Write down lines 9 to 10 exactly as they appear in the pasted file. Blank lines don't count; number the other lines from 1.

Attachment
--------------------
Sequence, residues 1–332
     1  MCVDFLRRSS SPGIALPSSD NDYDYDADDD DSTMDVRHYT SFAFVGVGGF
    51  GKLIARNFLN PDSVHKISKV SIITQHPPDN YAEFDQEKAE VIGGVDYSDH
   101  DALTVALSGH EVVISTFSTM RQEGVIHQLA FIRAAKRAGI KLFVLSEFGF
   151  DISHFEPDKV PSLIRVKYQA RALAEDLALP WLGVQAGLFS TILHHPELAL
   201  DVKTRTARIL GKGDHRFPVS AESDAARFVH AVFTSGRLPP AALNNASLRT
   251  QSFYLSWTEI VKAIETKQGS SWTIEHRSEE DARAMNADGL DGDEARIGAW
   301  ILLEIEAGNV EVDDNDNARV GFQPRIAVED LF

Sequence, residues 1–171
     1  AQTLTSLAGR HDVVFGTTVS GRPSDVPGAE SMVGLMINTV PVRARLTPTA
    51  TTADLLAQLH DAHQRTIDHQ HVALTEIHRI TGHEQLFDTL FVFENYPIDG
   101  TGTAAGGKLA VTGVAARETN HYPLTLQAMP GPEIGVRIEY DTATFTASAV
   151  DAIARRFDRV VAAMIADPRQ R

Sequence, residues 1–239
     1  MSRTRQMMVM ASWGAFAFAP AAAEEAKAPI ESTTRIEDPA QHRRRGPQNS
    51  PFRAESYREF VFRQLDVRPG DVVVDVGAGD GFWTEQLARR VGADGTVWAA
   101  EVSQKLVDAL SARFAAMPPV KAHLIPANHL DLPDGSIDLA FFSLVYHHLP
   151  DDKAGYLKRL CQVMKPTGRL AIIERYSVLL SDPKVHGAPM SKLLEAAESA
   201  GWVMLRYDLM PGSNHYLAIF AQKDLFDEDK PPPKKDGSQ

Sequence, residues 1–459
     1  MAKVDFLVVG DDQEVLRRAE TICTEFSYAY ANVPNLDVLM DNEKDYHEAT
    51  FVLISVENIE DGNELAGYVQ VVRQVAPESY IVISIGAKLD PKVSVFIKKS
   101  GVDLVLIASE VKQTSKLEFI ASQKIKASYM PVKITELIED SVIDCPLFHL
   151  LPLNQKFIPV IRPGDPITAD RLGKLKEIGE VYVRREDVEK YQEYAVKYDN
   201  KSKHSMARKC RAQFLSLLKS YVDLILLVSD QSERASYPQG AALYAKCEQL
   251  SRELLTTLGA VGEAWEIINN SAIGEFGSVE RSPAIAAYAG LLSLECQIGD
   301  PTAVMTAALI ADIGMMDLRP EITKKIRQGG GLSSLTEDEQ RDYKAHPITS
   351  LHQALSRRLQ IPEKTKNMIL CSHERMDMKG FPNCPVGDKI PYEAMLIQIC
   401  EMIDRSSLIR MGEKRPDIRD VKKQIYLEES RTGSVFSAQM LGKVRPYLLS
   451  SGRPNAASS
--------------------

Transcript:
Sequence, residues 1–171
     1  AQTLTSLAGR HDVVFGTTVS GRPSDVPGAE SMVGLMINTV PVRARLTPTA